The second half of 2016 came with a variety of improvements for Weebly. It was a period of expansion and evolution, a celebration of reaching 40 million registrations, and more. After updating my Weebly review, I find some people asking whether the builder is now as good as, or even better than WordPress. What are the benefits and downsides of each platform?
Before we delve into what makes the difference between these two content management systems, it’s important to note that we are comparing Weebly versus WordPress.org which is a downloadable software, not hosted web service WordPress.com.
WordPress.com vs WordPress.org. You may wonder about the benefits of the downloadable version of WordPress over the hosted dotcom route. The difference between the two options boils down to flexibility and customization. WordPress.org allows for much more freedom, while WordPress.com is essentially a one-stop and easier to use – WordPress.com is a hosted platform, which means you don’t have to worry about downloading the software and finding a web host.
WordPress.org, on the contrary, is an open source CMS that requires such steps as downloads, installation, hosting account administration, and more. It isn’t an online-only content management system – you install the software on your computer and then it’s paired with a site that’s hosted elsewhere on the web.
WordPress.org powers about 23% of the web, including this website . Twenty-three per cent! At this point you might think WordPress is the clear winner, but read on. The title of this article is Weebly vs WordPress, not WordPress Beats Weebly. Online comparisons between anything, especially when it comes to softwares, without specifying the user market is just muddying the waters.
There’s a big difference between evaluating web building platforms for hobbyists and enterprises. The needs of these groups can be very different. My award of five stars for a super-scalable, open source CMS does not mean that people who enjoy drag-and-drop would also enjoy it. So, let’s put Weebly and WordPress head-to-head to see which one is better for your case.
#1 Ease of Use
Weebly. Weebly (current version is called Weebly 4) is a hosted site builder with an in-browser editor that requires no coding skills at all. The only technical skill required is the ability to use a mouse. Clearly aimed at those of us who aren’t technical, Weebly offers everything you might need to build a website under the same roof: a drag-and-drop builder, a library of templates and included hosting. There’s nothing to download.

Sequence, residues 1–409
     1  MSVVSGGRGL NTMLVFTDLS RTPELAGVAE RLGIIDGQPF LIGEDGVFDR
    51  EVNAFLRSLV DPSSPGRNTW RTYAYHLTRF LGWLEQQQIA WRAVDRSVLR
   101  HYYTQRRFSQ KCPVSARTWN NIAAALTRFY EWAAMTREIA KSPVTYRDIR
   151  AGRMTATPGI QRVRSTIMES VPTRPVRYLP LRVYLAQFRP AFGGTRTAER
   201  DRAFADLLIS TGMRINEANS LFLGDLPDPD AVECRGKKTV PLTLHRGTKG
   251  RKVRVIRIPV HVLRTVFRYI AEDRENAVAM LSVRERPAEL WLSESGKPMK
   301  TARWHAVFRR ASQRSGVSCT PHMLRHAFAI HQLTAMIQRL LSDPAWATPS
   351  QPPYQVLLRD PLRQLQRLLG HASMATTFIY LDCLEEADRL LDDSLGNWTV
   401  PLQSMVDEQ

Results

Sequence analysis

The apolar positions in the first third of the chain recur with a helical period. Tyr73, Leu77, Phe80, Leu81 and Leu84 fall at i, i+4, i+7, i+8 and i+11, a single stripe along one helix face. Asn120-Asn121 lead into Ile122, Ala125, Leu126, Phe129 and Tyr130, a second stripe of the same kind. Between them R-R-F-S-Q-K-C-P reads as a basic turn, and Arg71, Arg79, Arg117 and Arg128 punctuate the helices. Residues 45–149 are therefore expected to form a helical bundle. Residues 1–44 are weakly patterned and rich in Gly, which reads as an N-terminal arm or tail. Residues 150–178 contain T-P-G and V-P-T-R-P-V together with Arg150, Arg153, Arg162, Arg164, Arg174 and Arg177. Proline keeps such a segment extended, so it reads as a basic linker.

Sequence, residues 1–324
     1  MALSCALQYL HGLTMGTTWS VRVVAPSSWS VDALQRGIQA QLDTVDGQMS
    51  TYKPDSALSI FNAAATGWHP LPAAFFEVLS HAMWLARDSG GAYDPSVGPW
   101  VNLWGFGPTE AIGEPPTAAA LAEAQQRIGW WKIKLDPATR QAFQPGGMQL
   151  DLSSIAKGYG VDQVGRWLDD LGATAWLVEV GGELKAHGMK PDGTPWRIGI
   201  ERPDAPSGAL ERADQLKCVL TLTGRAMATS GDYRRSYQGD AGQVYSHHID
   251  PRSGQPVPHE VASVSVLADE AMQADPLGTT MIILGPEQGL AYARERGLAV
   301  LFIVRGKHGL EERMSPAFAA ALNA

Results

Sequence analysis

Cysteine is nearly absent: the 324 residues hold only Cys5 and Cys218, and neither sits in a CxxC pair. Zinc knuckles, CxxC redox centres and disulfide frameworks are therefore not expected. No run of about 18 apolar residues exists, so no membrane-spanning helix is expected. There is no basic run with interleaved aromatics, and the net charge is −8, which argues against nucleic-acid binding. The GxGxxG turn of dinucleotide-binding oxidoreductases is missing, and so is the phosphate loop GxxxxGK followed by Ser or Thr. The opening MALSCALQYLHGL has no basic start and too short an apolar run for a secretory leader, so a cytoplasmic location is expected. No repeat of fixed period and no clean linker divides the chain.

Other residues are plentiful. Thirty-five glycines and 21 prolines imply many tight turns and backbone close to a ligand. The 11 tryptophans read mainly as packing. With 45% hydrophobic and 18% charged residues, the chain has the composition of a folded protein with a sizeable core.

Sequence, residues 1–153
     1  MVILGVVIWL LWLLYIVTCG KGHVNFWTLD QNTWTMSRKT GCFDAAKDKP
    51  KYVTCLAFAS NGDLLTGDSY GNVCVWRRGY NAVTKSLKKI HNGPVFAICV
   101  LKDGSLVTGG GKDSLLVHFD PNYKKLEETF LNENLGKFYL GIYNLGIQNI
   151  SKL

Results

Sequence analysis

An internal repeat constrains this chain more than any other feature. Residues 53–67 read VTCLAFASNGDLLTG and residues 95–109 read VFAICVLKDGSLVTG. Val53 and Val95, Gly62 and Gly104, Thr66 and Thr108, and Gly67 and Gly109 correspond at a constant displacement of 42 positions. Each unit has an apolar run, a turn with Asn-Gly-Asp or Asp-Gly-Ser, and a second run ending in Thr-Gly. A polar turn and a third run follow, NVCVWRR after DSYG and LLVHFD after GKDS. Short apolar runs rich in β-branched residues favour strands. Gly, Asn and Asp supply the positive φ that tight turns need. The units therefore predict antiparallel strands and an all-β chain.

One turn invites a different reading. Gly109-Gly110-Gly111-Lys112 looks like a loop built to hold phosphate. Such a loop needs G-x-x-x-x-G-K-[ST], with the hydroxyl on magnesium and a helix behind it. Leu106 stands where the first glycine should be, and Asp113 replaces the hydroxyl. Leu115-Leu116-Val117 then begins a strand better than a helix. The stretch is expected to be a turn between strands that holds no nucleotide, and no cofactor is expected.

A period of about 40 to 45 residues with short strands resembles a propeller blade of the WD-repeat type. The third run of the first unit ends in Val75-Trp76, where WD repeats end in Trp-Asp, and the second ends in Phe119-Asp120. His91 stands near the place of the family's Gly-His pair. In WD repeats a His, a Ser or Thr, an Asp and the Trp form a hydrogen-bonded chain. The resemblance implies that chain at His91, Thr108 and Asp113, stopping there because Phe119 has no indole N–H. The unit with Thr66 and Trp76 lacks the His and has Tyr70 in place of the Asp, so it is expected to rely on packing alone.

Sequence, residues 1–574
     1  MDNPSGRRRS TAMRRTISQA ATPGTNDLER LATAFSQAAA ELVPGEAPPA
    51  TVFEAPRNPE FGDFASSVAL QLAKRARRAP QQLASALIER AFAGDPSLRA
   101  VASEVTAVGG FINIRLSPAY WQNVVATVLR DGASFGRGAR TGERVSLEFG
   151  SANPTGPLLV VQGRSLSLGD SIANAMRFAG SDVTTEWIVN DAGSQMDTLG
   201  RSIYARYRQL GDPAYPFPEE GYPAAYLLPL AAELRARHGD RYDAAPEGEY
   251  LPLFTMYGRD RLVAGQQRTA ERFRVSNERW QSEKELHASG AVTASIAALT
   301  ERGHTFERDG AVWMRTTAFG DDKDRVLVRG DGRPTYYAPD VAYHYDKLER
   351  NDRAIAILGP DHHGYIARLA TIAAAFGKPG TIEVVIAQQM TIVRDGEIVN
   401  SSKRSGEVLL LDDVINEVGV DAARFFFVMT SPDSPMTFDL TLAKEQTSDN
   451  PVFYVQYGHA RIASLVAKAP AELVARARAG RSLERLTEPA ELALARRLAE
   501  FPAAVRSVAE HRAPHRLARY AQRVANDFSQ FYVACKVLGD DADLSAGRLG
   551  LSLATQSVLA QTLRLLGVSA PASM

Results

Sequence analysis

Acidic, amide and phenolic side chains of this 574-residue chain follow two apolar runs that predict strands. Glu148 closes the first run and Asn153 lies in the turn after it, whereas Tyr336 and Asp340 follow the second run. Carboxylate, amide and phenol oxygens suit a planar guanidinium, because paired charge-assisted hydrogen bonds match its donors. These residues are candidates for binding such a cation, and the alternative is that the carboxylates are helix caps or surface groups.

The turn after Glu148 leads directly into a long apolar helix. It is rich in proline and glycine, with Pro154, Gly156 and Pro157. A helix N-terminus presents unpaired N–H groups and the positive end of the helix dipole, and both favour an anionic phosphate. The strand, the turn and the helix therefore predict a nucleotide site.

The control panel is conveniently divided into two areas: Dashboard and Builder. The Dashboard lets you manage your site’s main settings, and the Builder offers a visual editor that supports drag-and-drop and inline editing. It provides a total WYSIWYG experience.
Weebly offers free mobile apps for iPhone, iPad, Android and Apple Watch. These let you build, manage and edit your website from anywhere.
WordPress. WordPress.org requires finding a webhost, installing the software and constant website maintenance. Though it’s fairly intuitive, there’s definitely a slight learning curve. Newbies will certainly need to familiarize themselves with the ecosystem of WordPress before they’re able to make any changes to the website design and/or functionality.
Adding new plugins and switching themes can be a no-brainer, as many modern plugins work out-of-the-box and some themes support drag-and-drop, yet keeping all of your plugins working together can be difficult.
Weebly vs WordPress. It should come as no surprise that Weebly is easier, as it was originally developed to meet the needs of users who have no idea about how websites are being created. WordPress is pretty enough intuitive, yet it still requires more deep knowledge of complex site management systems.
#2 Feature Set and Flexibility
Weebly. Weebly is chock-full of widgets and extensions that can be enabled with just a few clicks right from the Weebly control panel. There’s a decent blogging engine, an eCommerce solution, user membership support, various booking, forum and social media widgets. These are scalable to a certain extent.